Interview: MC Indigo


For hip-hop you don’t have to worry about your teenage daughter or son enjoying (a tall order these days, what with women and girls constantly being mistaken for female dogs and gardening implements), you can’t go wrong with Indigo. Not only does she clearly respect herself as being more than eye candy or some sort of sexual receptacle, Indigo is a fiery believer in bringing about political and social change.

For instance, her cut “World Wide Strike” is a page right out of the Lysistrata book for pulling men’s coats—face it, as long as men have been running things, things have been run straight into the ground. Advocating that “Mothers, daughters, sisters, aunties, nieces, cuzins, grandmothers—UNITE!”, she states, “the wind will start changing if the women stop banging/ I’m calling out a world wide strike/ no one give up the pooni tonight/ you’ll get no more/ till you stop…waging war!” You have to admit, where common sense has miserably failed all the years, one could do much worse than to try a cause-and-effect solution.

Indigo’s album is Kiri*Ke and she next rocks the house at the benefit Hip-Hop for the Homeless at the Triple Rock Social Club on the West Bank in Minneapolis on February 16.

You have me in complete culture shock. You’re seriously steeped in Native American culture, but you are of Eastern European descent and, when I speak to you on the phone, sound Puerto
Rican. What is going on?

I believe the accent you hear is East Coast. My fam is Sicilian. A lot of that comes through in my attitude and language, although I am nearly fluent in Spanish and was adopted by a Mexican family. So, my people are Bohemian—from the mountains—and Sicilian—island people. When I was a teenager my dad told me we were Native American, but there isn’t proof of that lineage that I can find. People always think I am Native and the only place people ever looked like me was up at the Red Lake Ojibwe Tribe. My sweet li’l grandma is Irish and German—she has beautiful green eyes. So I guess I’m a mutt. That’s how I always referred to myself. My mom made jokes that I was switched at birth growing up, ‘cause I seemed more Mexican that anything else and I always kicked it with the Mexican kids.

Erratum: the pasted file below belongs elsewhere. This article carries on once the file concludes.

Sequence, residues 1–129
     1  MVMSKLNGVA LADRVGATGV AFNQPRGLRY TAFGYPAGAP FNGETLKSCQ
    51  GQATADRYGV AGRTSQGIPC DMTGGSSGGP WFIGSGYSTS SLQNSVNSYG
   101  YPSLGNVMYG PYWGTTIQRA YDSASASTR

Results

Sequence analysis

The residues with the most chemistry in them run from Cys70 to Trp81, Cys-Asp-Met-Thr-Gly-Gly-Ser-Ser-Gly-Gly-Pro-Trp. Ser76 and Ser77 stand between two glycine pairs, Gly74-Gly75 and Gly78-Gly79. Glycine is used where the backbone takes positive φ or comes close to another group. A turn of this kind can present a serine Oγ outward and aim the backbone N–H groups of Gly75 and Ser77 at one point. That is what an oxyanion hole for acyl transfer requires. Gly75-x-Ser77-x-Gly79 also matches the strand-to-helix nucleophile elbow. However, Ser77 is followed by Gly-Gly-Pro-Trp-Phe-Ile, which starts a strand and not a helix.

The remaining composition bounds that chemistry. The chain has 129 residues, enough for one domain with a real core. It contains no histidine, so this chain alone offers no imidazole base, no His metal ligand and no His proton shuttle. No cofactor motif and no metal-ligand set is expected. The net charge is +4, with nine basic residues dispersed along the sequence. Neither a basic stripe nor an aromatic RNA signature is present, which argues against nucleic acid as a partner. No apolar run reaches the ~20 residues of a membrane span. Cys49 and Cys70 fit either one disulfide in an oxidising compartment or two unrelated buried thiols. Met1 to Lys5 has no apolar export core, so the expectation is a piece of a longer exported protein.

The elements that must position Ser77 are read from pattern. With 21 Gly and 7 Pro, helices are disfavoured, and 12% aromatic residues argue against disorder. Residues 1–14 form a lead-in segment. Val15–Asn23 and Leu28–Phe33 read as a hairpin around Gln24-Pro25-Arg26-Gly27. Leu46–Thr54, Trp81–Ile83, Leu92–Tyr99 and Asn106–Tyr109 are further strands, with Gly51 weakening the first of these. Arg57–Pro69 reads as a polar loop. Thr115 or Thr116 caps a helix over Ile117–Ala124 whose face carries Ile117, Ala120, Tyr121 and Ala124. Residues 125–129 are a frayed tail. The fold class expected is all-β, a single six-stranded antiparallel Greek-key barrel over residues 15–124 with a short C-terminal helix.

Your lyrics are not only thoughtful, but sharply inventive. Clearly you took hip-hop on as an art form, not an attention-getting device.
Though she only went to high school, [my mother] aced English class and corrected us when we misspoke. I always wrote. Journals, poetry, prayers, songs, all that. I guess, even as a kid, I felt like I wanted to leave a legacy. I am not one of those who rap about how much better of a rapper I am than you or how I support the consumerist agenda. Hip hop has given me meaning and community in a cultural context that was constructed to edify the lives of the participants.

What originally struck you to decide hip-hop was the way for you to go?
I had initially started falling in love with the underground movement in high school, hanging out with my boys that eventually formed the group Outside, plus a few other cats like DJ Innovation. We would freestyle and mess with the 12’s—turntables. Some people would break. We just threw parties—it was live! It became more of a reality, or a desire to succeed and make my mark in it, when I started kickin’ it with my boys from Oddjobs in St. Paul and the Interlock Crew in Minneapolis. I took trips down to Scribble Jam with the Rhymesayers crew, the Battle Cats, and some other homeys. We were at all the dopest underground shows and it was all on the level.

Where is your poetry published?
In Industry Minne-Zine—which has sadly been discontinued. I also write for The Liberator on occasion. You can find some of my work at my MySpace site.

When will you do a book?
I’ve been filling books since I was eleven. I do want to publish a book of poetry/songs. Right now, though, I’m focusing on learning production, and I have 2 EPs coming out this year.

I have yet to make it to the Twin Cities’ annual B-Girl Be Summit. Have you performed there?
I did perform all three years at the B-Girl Summit. I am completely proud of our community of women and the ability of the coordinators to bring people in from all over the world. I have met a ton of amazing women that love hip-hop and feel the need to express themselves through it like I do. I love when we can drop all the insecurities and fears and just celebrate together as women. B-Girl Be is where it’s at. Plus, Minneapolis is the only place in the world where a female-based summit like this exists.

What’s next for you after the Triple Rock Benefit?
I am working on booking a Midwest tour for the spring. Being a musician involves so much more than just writing and performing. I have come to wear so many hats and I’m learning new skills everyday, like promotions and booking and management and accounting and advertising. Plus I have been working on developing my own label.

Who organized the benefit?
Jon Jon of Black Corners. He is booking all of the tightest shows in the Twin Cities right now.

Who else is on the bill?
Dessa with Hieruspecs. Muja Messiah, Chosen Few, Maria Isa, Big Quarters, Sha Cage.

Sounds deep.
Oh, it will be.

Dwight Hobbes is a writer based in the Twin Cities. He contributes regularly to the TC Daily Planet.